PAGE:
Engen, BodilTranslatorsecondary authorsome editionsconfirmed
Hoekmeijer, NicoletteTranslatorsecondary authorsome editionsconfirmed
Ràfols Gesa, FerranTranslatorsecondary authorsome editionsconfirmed
Riera, ErnestTranslatorsecondary authorsome editionsconfirmed
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To R.G.
For decades of wit, insight and intellect
Thank you
First words
Don't be afraid. My telling can't hurt you in spite of what I have done and I promise to lie quietly in the dark--weeping perhaps or occasionally seeing the blood once more--but I will never again unfold my limbs to rise up and bare teeth.
I don't think God knows who we are. I think He would like us, if He knew us, but I don't think he knows about us.
What I know is there is magic in learning.
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(Click to show. Warning: May contain spoilers.)
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Book description
EEN DAAD VAN BARMHARTIGHEID speelt zich af in Amerika tijdens de tweede helft van de zeventiende eeuw, de slavernij is nog in opkomst. Jacob Vaark is een avonturier en handelaar van Nederlandse afkomst die een bedrijfje heeft in het ruige Noorden. Hij is tegen mensenhandel, maar na aandringen van de moeder, accepteert hij toch een jong slavenmeisje als betaling. Ondanks de goede bedoelingen van de moeder voelt het meisje, Florens, zich door haar afgewezen. Ze gaat op zoek naar liefde, allereerst bij een oudere bediende van het huis, maar later ook bij een aantrekkelijke Afrikaanse hoefsmid, door wie haar leven in een stroomversnelling belandt.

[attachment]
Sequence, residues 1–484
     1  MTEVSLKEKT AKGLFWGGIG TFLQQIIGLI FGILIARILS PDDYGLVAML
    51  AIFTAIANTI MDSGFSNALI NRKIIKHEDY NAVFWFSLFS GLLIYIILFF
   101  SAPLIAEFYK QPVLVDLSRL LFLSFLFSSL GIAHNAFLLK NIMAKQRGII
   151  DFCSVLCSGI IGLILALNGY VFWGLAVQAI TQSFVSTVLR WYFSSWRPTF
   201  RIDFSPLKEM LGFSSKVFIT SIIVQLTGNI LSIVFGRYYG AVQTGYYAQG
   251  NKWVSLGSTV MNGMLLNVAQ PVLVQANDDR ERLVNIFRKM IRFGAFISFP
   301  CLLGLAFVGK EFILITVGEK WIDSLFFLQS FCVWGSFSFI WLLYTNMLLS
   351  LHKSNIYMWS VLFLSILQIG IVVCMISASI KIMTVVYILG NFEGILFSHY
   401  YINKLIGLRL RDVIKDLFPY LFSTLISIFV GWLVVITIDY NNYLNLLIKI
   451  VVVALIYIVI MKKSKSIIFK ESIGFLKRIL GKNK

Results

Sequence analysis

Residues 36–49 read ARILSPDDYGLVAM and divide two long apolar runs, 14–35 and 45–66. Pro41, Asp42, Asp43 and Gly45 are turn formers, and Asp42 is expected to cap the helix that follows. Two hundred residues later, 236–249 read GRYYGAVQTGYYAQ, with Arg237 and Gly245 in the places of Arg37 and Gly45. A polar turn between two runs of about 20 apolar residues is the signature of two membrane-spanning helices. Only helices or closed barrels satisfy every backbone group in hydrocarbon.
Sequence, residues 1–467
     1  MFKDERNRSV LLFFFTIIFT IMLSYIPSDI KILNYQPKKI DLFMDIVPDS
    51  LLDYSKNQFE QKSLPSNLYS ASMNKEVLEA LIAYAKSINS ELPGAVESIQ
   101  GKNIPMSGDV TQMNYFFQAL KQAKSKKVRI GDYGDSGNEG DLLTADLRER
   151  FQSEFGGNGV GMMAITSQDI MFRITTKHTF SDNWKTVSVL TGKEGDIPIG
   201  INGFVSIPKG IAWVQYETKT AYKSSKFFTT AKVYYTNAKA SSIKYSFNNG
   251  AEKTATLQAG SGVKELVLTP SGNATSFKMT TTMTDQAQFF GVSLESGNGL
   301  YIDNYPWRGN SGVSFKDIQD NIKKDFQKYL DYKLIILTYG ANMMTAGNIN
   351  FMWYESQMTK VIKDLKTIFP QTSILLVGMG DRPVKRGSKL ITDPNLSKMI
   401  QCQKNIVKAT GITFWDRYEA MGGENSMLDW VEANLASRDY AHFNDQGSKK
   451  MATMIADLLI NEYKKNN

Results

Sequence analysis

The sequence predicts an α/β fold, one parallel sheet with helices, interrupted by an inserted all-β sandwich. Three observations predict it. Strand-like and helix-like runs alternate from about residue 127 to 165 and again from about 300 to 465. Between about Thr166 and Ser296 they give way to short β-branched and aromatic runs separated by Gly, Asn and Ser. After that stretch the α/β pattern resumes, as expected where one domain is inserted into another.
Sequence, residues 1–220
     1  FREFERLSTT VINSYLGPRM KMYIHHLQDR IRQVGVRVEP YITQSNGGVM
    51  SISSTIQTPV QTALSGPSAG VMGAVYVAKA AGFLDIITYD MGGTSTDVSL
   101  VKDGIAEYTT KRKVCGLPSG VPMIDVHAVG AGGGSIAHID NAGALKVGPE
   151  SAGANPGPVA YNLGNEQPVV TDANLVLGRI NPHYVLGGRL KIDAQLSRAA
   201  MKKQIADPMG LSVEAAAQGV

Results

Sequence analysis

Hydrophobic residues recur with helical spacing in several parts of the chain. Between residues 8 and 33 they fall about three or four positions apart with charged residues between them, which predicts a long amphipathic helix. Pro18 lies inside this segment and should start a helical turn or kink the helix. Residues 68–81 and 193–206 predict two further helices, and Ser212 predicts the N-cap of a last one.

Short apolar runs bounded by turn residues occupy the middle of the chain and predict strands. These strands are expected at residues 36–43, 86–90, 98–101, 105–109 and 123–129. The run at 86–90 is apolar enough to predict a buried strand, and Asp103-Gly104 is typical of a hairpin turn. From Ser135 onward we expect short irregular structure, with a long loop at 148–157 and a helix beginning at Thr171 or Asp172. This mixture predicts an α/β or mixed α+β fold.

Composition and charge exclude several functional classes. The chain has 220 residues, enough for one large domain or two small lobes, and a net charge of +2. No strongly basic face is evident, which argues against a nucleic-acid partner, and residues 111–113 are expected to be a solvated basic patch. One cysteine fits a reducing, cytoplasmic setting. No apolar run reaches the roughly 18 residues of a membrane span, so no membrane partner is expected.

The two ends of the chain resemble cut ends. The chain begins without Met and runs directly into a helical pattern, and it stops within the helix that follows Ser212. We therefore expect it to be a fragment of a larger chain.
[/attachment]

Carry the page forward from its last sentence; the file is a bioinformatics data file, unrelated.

Haiku summary

Amazon.com Product Description (ISBN 0307264238, Hardcover)

A powerful tragedy distilled into a jewel of a masterpiece by the Nobel Prize–winning author of Beloved and, almost like a prelude to that story, set two centuries earlier.

In the 1680s the slave trade was still in its infancy. In the Americas, virulent religious and class divisions, prejudice and oppression were rife, providing the fertile soil in which slavery and race hatred were planted and took root.

Jacob is an Anglo-Dutch trader and adventurer, with a small holding in the harsh north. Despite his distaste for dealing in “flesh,” he takes a small slave girl in part payment for a bad debt from a plantation owner in Catholic Maryland. This is Florens, “with the hands of a slave and the feet of a Portuguese lady.” Florens looks for love, first from Lina, an older servant woman at her new master’s house, but later from a handsome blacksmith, an African, never enslaved.

There are other voices: Lina, whose tribe was decimated by smallpox; their mistress, Rebekka, herself a victim of religious intolerance back in England; Sorrow, a strange girl who’s spent her early years at sea; and finally the devastating voice of Florens’ mother. These are all men and women inventing themselves in the wilderness.

A Mercy reveals what lies beneath the surface of slavery. But at its heart it is the ambivalent, disturbing story of a mother who casts off her daughter in order to save her, and of a daughter who may never exorcise that abandonment.

Acts of mercy may have unforeseen consequences.

(retrieved from Amazon Thu, 12 Mar 2015 18:16:50 -0400)

(see all 6 descriptions)

In exchange for a bad debt, an Anglo-Dutch trader takes on Florens, a young slave girl, who feels abandoned by her slave mother and who searches for love--first from an older servant woman at her master's new home, and then from a handsome free blacksmith.… (more)

(summary from another edition)

» see all 8 descriptions